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Theor Med Bioeth. 2009;30(5):385-96. doi: 10.1007/s11017-009-9118-0.

For love or money? The saga of Korean women who provided eggs for embryonic stem cell research.

Author information

  • 1Novel Tech Ethics, Dalhousie University, 1234 Le Marchant Street, Halifax, NS B3H3P7, Canada. Francoise.baylis@dal.ca

Abstract

In 2004 and 2005, Woo-Suk Hwang achieved international stardom with publications in Science reporting on successful research involving the creation of stem cells from cloned human embryos. The wonder and success all began to unravel, however, when serious ethical concerns were raised about the source of the eggs for this research. When the egg scandal had completely unfolded, it turned out that many of the women who provided eggs for stem cell research had not provided valid consents and that nearly 75% of the women egg providers had received cash or in-kind payments. Among those who did not receive direct benefits, some cited patriotism as their reason for participating in embryonic stem cell research, hence the question "for love or money?"--namely, patriotism versus payment. This paper summarizes the Hwang debacle with particular attention to the egg scandal and ends with some preliminary thoughts on patriotism as a motive for research participation.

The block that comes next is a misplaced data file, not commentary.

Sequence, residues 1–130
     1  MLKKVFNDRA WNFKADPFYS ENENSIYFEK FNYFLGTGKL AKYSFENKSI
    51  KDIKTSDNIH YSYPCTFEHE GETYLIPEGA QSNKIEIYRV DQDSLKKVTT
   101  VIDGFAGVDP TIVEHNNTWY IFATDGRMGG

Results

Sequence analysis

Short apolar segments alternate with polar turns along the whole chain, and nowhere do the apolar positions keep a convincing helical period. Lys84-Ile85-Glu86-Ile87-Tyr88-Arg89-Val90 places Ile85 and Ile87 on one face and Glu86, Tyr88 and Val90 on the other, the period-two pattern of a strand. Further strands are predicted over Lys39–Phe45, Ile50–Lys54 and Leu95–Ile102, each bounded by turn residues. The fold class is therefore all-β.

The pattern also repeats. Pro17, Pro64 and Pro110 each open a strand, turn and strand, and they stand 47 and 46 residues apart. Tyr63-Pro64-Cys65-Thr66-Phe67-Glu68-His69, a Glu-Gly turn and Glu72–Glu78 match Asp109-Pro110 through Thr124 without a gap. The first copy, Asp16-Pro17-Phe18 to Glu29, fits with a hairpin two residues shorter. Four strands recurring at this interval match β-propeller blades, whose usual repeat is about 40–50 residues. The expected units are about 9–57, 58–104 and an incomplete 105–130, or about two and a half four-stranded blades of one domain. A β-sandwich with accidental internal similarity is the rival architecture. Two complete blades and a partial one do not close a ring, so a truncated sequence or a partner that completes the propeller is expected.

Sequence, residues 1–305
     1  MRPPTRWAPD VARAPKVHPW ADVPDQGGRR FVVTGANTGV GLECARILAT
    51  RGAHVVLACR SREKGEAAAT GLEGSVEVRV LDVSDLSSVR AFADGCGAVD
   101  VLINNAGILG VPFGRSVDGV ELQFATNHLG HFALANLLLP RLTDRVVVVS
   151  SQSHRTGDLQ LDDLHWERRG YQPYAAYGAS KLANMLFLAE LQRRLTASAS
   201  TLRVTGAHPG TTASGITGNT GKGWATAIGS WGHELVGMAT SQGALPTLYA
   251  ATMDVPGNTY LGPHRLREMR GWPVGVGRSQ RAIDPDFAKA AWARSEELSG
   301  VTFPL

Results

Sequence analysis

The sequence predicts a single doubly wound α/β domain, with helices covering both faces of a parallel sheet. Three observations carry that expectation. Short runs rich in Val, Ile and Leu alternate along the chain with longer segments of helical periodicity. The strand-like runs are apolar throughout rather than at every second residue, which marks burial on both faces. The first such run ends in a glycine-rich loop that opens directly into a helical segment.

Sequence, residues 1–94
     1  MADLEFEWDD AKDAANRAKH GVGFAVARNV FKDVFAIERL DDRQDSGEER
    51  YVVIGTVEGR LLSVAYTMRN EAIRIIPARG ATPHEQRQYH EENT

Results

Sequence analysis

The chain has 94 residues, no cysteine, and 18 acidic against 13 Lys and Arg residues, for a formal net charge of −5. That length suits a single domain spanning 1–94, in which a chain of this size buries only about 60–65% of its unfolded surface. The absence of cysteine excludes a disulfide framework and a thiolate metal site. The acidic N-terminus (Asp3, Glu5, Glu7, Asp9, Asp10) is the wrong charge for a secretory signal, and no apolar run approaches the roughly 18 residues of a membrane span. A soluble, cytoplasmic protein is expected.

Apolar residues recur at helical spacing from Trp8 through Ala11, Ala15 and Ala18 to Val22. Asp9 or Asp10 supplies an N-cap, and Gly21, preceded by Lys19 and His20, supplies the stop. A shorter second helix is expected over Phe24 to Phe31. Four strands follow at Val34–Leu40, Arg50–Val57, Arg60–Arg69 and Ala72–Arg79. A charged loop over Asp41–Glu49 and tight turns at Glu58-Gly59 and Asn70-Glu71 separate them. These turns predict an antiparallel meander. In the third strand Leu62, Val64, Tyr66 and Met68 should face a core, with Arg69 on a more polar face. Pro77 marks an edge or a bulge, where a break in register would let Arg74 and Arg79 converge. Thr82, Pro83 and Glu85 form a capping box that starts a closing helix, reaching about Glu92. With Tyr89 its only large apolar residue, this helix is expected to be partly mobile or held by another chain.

PMID:
19787440
[PubMed - indexed for MEDLINE]
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